When Muslims and Christians make a Stand

Female WAFL Giants player Haneen Zreika is Muslim. Last week she refused to play – she was unwilling to wear the pride round jumper.


"As the first Australian Muslim woman in the AFLW, I have a responsibility to represent my faith and my community," Zreika wrote. “I respect people, regardless of their sexual orientation.”


The public response was balanced and fair. The head of the AFL's inclusion and social policy, Tanya Hosch, notes that inclusion was a complicated matter. "People of faith have rights as well," Hosch said. "Obviously this is one of those situations where there's an intersection of rights…."


Segments of the gay lobby were disappointed but understood Haneen’s position. Reaction on social media was mixed.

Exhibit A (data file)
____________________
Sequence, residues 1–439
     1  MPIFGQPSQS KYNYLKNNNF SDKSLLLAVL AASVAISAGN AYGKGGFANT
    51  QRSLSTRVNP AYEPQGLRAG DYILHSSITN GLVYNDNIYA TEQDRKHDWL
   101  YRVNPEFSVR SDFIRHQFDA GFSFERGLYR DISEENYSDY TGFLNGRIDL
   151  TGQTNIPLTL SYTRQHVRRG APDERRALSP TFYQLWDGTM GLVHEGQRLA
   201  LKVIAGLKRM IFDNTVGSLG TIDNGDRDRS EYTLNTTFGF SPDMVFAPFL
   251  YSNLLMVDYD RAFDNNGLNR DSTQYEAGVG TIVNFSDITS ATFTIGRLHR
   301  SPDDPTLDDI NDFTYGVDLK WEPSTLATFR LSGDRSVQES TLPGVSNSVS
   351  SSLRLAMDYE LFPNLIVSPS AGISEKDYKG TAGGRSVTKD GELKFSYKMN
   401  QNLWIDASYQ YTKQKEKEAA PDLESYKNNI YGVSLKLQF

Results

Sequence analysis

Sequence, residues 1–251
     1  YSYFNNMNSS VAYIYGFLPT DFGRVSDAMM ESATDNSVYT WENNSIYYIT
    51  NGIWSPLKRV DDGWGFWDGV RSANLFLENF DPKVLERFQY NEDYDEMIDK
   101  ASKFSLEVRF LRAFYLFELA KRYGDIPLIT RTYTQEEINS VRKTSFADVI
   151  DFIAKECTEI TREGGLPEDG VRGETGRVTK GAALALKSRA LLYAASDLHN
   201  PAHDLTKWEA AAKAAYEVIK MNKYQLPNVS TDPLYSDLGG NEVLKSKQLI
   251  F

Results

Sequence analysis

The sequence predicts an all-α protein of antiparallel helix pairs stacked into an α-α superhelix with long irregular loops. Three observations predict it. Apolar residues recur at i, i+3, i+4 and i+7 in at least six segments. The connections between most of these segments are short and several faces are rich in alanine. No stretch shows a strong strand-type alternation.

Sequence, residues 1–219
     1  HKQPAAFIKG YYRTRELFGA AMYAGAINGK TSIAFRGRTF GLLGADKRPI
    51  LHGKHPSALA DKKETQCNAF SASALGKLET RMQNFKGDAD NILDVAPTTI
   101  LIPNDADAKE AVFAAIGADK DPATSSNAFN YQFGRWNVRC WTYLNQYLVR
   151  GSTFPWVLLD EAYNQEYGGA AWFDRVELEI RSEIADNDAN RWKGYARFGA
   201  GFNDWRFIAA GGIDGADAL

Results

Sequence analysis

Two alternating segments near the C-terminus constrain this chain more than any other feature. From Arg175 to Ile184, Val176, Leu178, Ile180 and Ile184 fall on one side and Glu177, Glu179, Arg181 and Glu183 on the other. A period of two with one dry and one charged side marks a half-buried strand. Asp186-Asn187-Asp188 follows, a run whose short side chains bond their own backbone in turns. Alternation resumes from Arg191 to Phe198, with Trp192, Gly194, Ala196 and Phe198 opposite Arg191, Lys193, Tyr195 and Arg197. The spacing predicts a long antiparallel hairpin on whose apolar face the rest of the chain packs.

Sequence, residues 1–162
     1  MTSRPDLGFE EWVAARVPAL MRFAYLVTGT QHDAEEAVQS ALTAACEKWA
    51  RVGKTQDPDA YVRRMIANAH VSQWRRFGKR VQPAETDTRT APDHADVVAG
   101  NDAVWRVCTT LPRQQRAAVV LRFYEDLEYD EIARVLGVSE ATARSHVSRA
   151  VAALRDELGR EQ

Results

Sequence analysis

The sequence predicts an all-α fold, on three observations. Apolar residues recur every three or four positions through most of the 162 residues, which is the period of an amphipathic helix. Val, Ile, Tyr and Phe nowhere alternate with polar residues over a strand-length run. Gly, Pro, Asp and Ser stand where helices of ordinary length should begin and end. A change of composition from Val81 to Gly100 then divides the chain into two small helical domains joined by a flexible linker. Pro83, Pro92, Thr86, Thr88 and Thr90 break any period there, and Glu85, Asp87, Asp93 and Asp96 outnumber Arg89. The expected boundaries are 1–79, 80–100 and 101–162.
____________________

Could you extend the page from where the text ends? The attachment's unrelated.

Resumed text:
Contrast this with Citipointe Christian College. In their media statement, they state that “Citipointe does not judge students on their sexuality or gender identity…. [They] unequivocally love and respect all people regardless of their lifestyle and choices, even if those choices are different to our beliefs and practice.”


Like Haneen, Citipointe wishes to be a school that is true to its faith heritage and community. So they say: “The College offers our faith-based education as a choice among many other schooling options available to parents. Our society gives people freedom to be a part of groups and organisations with shared beliefs. The College, through the freedoms afforded to it by law, has outlined our common beliefs and practices, so that parents can choose for their children to be educated at Citipointe and join our faith-based community.”


The media response is anything but fair and balanced. And I am not surprised. I do not expect Christianity to get an unbiased hearing. Much of Australia or the West is not nearly as open-minded as it thinks. But then, Jesus said that if the world hates us, it hated Him first.


Rev David Rietveld

Senior Minister






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